- Don’t forget: Only users with “admin” rights will be able to see and create credentials, while those with “designer” privileges can utilize but not see the values
Although a lot of common inputs when launching servers are sensitive (user name, password, certificates, and keys, etc.), credentials make life easier by reducing the number of times you have to actually type the values in, which reduces errors and speeds up the process of getting your servers launched. This can be helpful for the input process, but sometimes can make debugging scripts difficult in that it’s often useful to be able to write variables out when debugging.
I find that when I’m developing scripts or RightScale ServerTemplates™, I’ll use raw text inputs until I have a working product so that I can easily output the values to the console. Once the process is proven, I quickly switch over to credentials so that I can avoid making mistakes!
Some “ease of use” tips:
- Credentials are great for storing sensitive information
- Use credentials for complicated inputs or things that you’ll likely mistype if you had to input it multiple times
- Remember that you aren’t going to see the value in the Audit Entry logs — use another form of input if you’ll need to see the value in the console
- Credentials (like most things in the RightScale dashboard) will show up in alphabetical order when you open the drop-down boxes to select one. If you’re storing user name and password combinations, end the credential name with _USER and _USERPASSWORD so they show up in user/password order in the list. For example: MYSQL_USER/MYSQL_USERPASSWORD and IIS_APPPOOL_USER/IIS_APPPOOL_USERPASSWORD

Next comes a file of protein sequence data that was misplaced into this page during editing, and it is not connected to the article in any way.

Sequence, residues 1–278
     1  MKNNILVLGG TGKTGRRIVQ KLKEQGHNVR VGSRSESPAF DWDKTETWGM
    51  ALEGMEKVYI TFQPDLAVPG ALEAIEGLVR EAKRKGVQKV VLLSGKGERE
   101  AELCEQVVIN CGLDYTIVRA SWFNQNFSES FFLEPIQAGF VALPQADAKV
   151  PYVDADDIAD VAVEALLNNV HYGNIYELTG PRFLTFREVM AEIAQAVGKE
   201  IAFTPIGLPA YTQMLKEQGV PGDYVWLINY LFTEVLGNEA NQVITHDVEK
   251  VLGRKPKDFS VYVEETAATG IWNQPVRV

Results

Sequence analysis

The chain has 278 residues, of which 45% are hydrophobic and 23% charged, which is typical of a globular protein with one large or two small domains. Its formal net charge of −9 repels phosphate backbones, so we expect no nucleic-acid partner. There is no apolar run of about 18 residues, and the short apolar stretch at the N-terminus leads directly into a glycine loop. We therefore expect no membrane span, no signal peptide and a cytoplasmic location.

Within the Load Balancer with HAProxy (v13.0) ServerTemplate, there is an option to allow for SSL offloading to happen within Apache before it gets to the HAProxy process. Under the WEB_APACHE inputs for the server, there are seven advanced inputs — four of which are related to the SSL Certificate itself which are commonly set up as credentials. In fact, the help text gives examples that reference credentials rather than text inputs.
Another example is that I’m working on a Windows-based ServerTemplate where the product I’m installing requires multiple accounts to be set up. I’ve been doing it manually while testing it, using the Microsoft Active Directory (v13.0) ServerTemplate and the AD Create a new user operational RightScript to create users and I’m simply checking down my list of credentials to speed through the process of creating the accounts:
There are a ton of great ways to use credentials to keep inputs secure and consistent throughout your deployments while avoiding the dreaded “fat-finger” input error. More information is also available on the RightScale support site, which has some great tips on how to manage credentials, and some common uses of credentials within the RightScale dashboard.
And if you haven’t yet tried RightScale cloud management, you can test it out with the RightScale Free Edition, through which you can have five users on your account and run approximately five small servers.